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The Best Reporting on Mental Trauma and the U.S. Military
By Christie Thompson via ProPublica
Last Saturday, ex-sniper Chris Kyle and fellow veteran Chad Littlefield were shot and killed at a Texas gun range. The accused shooter is a former Marine, who sources say suffered from PTSD after serving in Iraq.
The murder has reignited conversation on the mental trauma suffered by hundreds of thousands of U.S. service men and women in Iraq and Afghanistan. Last week, the Department Veterans Affairs reported (PDF) that an estimated 22 veterans committed suicide per day in 2010. Suicides hit a record-high of 349 in 2012, and more active-duty soldiers died by suicide than in combat last year.
The wars may be winding down, but the battle against PTSD is far from over. We’ve compiled some of the best journalism on the mental traumas faced by a generation of service men and women, and the U.S. military’s struggle to treat them.
Is PTSD Contagious?, Mother Jones, January 2013
When veterans return bearing the scars of war, what happens to the families supporting them? Mac McClelland digs deep into studies that suggest spouses, children and other family can show the same symptoms of PTSD.
Suicides Highlight Failures of Veterans’ Support System, The Bay Citizen/New York Times, March 2012
In the Bay Area, poor communication at the Department of Veterans Affairs has led to many desperate veterans falling through the cracks. Even with an elite PTSD center stationed in Palo Alto, some suicidal vets were turned away or prematurely discharged. Reporter Aaron Glantz has done extensive coverage on the VA as it struggles to serve the influx of veterans returning from Iraq and Afghanistan.
Aftershock: The Blast That Shook Psycho Platoon, ProPublica and NPR, March 2012
As part of our Brain Wars series, we investigated a bomb blast that left five platoon members battling both traumatic brain injuries and PTSD. Their story illustrates a growing number of veterans facing psychological and cognitive difficulties: studies show an estimated 20 to 25 percent of military members that have served in Iraq or Afghanistan suffer some sort of TBI, PTSD, or a combination of those two injuries.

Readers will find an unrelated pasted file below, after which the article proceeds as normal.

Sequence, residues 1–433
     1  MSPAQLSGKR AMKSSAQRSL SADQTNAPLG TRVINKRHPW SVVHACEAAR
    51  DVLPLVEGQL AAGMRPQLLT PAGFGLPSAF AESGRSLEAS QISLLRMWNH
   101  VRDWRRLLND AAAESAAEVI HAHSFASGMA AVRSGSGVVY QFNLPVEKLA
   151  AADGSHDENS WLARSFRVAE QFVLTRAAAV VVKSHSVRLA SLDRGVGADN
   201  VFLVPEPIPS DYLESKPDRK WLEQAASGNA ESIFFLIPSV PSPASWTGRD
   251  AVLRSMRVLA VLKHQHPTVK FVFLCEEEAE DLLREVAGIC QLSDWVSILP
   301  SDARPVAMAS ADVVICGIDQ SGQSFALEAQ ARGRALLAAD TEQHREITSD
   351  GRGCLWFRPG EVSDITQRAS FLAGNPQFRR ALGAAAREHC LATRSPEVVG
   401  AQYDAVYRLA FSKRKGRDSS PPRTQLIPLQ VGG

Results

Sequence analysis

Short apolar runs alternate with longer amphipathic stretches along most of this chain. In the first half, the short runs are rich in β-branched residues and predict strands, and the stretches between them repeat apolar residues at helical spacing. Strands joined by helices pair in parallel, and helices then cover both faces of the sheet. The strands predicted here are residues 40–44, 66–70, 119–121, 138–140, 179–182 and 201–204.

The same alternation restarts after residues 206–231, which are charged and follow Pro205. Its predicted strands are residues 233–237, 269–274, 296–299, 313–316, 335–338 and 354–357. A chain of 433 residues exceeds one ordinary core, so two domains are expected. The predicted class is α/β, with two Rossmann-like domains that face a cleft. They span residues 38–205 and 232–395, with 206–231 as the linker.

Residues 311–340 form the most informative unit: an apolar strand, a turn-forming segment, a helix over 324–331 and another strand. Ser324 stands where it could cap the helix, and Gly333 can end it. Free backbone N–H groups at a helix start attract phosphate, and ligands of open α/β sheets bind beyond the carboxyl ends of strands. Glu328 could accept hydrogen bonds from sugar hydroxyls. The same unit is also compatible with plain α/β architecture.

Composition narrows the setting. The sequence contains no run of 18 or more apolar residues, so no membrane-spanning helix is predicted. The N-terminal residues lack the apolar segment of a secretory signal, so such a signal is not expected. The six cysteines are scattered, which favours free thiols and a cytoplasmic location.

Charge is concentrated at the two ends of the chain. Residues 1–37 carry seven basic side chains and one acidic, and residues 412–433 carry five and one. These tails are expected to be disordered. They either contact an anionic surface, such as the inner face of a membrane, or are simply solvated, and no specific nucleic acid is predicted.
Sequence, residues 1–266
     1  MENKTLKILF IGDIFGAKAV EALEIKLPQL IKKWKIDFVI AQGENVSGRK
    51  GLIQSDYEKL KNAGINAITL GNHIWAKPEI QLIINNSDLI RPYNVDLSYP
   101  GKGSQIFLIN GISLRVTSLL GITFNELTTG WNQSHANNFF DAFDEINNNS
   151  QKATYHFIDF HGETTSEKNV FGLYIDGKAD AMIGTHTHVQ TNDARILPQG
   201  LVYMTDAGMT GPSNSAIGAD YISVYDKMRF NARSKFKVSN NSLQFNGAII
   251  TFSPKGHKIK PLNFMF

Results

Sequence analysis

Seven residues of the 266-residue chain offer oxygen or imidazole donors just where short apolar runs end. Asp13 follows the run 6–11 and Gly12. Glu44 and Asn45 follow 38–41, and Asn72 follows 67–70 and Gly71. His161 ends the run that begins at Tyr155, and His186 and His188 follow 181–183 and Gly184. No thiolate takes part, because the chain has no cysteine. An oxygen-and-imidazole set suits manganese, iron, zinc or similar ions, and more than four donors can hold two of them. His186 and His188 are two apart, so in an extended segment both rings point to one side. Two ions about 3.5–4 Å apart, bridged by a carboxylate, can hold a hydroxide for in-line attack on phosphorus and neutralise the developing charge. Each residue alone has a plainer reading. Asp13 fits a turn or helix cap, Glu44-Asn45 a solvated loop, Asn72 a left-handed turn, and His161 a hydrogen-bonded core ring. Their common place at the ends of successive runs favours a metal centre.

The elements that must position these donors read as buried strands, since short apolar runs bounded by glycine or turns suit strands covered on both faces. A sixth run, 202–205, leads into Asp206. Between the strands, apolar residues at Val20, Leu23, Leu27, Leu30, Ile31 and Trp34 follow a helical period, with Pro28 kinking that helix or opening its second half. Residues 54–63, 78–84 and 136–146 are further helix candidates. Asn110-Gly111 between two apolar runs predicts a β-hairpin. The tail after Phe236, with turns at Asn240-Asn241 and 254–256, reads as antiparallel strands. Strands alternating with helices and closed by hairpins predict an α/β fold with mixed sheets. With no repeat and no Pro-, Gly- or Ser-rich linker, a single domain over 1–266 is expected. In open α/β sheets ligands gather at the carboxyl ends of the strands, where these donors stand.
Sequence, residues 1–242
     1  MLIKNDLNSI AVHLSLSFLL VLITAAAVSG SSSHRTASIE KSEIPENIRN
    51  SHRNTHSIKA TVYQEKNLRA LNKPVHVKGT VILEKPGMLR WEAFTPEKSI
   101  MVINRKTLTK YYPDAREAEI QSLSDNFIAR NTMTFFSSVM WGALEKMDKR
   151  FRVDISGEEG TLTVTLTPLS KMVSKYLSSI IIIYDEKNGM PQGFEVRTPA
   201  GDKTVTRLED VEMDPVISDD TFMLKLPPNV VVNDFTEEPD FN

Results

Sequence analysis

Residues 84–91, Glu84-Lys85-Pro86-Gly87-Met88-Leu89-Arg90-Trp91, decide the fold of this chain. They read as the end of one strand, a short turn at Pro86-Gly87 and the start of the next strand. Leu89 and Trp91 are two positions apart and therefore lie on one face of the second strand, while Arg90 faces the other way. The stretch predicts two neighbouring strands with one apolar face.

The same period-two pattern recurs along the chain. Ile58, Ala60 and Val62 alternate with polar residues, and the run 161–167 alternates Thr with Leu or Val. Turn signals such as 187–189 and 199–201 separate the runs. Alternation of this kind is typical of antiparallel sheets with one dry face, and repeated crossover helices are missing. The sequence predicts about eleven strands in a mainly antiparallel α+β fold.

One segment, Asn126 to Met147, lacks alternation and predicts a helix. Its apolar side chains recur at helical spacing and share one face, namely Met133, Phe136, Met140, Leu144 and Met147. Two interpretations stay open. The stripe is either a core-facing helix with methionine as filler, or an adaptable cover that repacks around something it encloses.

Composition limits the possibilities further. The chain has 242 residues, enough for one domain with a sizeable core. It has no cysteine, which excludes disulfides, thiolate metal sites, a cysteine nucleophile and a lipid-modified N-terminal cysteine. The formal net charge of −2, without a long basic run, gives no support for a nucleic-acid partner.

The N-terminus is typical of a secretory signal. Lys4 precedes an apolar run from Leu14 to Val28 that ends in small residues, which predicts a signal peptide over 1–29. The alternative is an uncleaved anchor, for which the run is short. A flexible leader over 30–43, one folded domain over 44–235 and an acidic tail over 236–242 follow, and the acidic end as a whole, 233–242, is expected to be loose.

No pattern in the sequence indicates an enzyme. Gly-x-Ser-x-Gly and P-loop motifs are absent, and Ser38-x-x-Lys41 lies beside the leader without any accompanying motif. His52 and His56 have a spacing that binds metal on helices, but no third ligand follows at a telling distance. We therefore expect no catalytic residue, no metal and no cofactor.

Welcome Home: The Story of Scott Ostrom (photo essay), Denver Post, December 2011
Photographer Craig Walker followed former Marine Scott Ostrom’s struggle to return to civilian life after two tours in Iraq. “Where do I find my peace after experiencing something like that?” Ostrom asks. “Is my peace just the absence of war?”
Brain Injuries Remain Undiagnosed in Thousands of Soldiers, ProPublica and NPR, June 2010
In 2010, we launched a joint investigation with NPR into the invisible war wounds left untreated in thousands of service members. The army’s screening system routinely missed signs of concussion and other brain injuries, leaving tens of thousands of soldiers without needed care. Beyond physical and cognitive damages, TBI can also cause behavioral problems in affected soldiers.
After Combat, Victims of an Inner War, New York Times, August 2009
Two soldiers were killed in this single unit of the National Guard, but four would eventually take their own life. Their story speaks of the larger spike in soldier suicides during the Iraq War. In 2009, 310 soldiers killed themselves, a record surpassed in 2012.
‘I am under a lot of pressure to not diagnose PTSD,’ Salon, April 2009
Reporters Michael de Yoanna and Mark Benjamin obtained a secret recording of a doctor saying he’d been discouraged from diagnosing PTSD, and told to treat veterans for anxiety disorder instead. (The Seattle Times covered a similar scandal at Madigan Health Services on the West Coast, which was under congressional investigation for its resistance to diagnosing PTSD.) As the cost of treating veterans’ trauma mounts, some say the military is looking for ways to keep the VA’s bill to a minimum. Benjamin and de Yoanna have covered PTSD and the military extensively, including a series of stories for Salon on the military mistreatment that contributed to multiple murders and suicides among soldiers.
Walter Reed and Beyond, Washington Post, February 2007
Anne Hull and Dana Priest spotlighted systemic mistreatment and neglect at Walter Reed Army Medical Center, and several other veterans health facilities across the country. Vets seeking psychological care faced dizzying bureaucracy and an under-resourced system buckling under high demand. Though Walter Reed was home to the army’s largest psychiatric department, there was no specific PTSD center, and patients rarely received individual attention.